The preliminary report by the radiologist of an abdomen-pelvic computed tomography (CT) scan also suggested a localised tumour involving the left hemi-kidney (LHK) in HSK [Figure 1]. She was subsequently prepared for surgical exploration. The essential intraoperative findings included a 13.5 cm diameter tumour confined to the isthmus and inferior two-third of the shrunken right hemi-kidney (RHK). The tumour was most bulky on the left side of the isthmus [Figure 2]. A partial duplex collecting system was draining the RHK and right side of the isthmus while a single pelvis appeared to drain the LHK and left side of isthmus. The isthmus (tumour) was supplied by an anterior branch of the aorta that originated at the level of the aortic bifurcation, while the LHK appeared completely spared from the tumour with a clear margin of normal tissue separating them. After ligating the right renal vessels and the aberrant artery, the RHK and isthmus were resected en bloc and sent for histology. The raw lower pole of the left kidney was repaired with a retroperitoneal drain left in situ. The post-operative period was uneventful except for prolonged drainage of urine through the drain. She was finally discharged 2 weeks after surgery.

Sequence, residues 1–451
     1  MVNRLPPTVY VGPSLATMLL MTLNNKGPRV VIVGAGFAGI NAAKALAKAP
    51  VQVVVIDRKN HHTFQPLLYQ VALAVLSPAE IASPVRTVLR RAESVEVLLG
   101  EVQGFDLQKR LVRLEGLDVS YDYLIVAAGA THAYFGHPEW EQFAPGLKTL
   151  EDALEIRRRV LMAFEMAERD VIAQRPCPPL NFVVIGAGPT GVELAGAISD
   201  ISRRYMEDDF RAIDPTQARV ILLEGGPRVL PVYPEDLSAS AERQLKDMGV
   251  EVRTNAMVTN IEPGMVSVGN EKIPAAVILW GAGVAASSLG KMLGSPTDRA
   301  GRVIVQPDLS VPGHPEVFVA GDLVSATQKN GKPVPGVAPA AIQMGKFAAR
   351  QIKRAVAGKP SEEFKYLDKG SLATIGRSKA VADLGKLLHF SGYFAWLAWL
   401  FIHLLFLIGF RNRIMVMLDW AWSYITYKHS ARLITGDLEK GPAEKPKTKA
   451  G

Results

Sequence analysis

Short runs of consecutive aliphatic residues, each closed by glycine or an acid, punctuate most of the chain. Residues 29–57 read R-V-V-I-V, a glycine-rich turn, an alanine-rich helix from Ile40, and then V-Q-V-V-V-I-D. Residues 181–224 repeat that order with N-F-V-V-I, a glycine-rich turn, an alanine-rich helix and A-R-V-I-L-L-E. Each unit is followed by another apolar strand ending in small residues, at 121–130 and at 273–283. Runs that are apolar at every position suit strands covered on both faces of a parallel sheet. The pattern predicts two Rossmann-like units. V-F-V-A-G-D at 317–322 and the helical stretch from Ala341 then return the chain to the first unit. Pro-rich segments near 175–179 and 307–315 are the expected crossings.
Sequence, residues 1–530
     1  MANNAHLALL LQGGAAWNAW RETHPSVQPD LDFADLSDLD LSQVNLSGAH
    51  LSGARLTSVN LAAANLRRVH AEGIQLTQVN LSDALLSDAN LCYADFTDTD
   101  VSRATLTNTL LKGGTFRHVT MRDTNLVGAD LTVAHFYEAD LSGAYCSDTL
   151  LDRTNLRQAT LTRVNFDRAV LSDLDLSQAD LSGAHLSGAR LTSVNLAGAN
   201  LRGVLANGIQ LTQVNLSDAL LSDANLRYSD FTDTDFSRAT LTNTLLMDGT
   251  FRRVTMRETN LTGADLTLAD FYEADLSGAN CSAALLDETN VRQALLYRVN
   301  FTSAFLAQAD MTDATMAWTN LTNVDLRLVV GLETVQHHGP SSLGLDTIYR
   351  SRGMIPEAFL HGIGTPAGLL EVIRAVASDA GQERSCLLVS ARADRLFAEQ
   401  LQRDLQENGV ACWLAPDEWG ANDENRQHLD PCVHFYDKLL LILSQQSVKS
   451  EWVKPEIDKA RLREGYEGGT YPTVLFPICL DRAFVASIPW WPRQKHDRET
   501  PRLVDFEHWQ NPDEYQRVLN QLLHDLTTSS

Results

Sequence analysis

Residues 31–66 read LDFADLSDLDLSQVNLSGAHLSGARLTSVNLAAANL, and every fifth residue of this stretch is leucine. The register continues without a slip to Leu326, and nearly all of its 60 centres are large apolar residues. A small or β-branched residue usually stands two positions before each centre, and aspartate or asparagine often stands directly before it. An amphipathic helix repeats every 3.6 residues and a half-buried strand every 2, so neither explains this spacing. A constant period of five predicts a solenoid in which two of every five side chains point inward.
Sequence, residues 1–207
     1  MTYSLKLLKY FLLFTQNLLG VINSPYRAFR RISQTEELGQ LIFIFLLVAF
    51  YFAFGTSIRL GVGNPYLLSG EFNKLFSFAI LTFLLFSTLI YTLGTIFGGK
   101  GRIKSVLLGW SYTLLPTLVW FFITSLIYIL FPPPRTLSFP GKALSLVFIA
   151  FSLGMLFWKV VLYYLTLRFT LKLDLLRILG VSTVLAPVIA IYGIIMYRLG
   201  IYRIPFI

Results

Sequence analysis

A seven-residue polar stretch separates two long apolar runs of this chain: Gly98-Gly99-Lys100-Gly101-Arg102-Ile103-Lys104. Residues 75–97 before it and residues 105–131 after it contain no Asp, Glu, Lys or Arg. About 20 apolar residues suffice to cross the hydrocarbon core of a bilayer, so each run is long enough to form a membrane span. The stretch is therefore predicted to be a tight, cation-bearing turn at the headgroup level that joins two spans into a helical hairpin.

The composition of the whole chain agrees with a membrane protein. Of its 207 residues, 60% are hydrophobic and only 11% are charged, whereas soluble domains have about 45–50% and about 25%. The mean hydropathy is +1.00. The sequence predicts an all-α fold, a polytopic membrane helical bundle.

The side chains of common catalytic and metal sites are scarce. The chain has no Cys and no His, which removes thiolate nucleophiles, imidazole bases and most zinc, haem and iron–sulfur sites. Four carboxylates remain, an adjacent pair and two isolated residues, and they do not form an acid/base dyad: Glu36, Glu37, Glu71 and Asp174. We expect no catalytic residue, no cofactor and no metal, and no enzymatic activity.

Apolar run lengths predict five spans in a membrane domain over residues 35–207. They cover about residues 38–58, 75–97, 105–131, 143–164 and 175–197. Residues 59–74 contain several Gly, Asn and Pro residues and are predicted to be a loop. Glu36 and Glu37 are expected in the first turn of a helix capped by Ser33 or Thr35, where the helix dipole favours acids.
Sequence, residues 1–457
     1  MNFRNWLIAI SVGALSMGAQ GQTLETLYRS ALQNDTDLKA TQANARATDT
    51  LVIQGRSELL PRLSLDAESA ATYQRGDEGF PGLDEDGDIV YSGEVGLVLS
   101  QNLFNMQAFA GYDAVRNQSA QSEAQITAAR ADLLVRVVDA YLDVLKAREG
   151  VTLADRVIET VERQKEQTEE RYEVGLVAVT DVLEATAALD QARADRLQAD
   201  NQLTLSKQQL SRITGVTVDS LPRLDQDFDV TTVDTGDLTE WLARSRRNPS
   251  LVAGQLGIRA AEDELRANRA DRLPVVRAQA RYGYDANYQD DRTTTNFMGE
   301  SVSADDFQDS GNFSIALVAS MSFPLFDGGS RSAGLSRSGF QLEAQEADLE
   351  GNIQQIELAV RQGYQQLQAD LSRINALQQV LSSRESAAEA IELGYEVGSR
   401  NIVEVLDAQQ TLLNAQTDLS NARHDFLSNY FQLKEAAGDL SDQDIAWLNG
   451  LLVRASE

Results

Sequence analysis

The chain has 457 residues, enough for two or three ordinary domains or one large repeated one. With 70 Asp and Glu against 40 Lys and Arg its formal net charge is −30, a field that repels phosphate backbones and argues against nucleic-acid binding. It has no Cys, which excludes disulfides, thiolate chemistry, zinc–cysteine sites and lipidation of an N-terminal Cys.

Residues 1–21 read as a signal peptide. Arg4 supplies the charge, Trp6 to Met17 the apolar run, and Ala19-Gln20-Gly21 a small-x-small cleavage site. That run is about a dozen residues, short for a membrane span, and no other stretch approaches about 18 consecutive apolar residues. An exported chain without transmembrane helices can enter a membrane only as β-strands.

|Figure 2: The left side of the tumour (green arrow), lower pole of the left kidney (orange arrow), line of demarcation between left kidney and isthmus (blue arrow), and bulldog clamp applied to the aberrant artery (purple arrow). Note the gradual discoloration of the tumour|
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On pathological examination, the 300 g specimen measuring 13.5 cm × 9 cm × 4.5 cm was irregularly shaped and multilobulated. Tumour mass within the specimen was located in the isthmus and the inferior pole of RHK, well circumscribed and demarcated with pelvicalyceal distortion. It measured 7.5 cm × 6 cm × 4.5 cm extending anteroposteriorly and at a distance of 7 cm from the superior pole and 3 cm from the horseshoe segment. Histology confirmed a diagnosis of clear cell RCC with tumour-free surgical margins. At 2 years follow-up, she was alive and well.
| Discussion|| |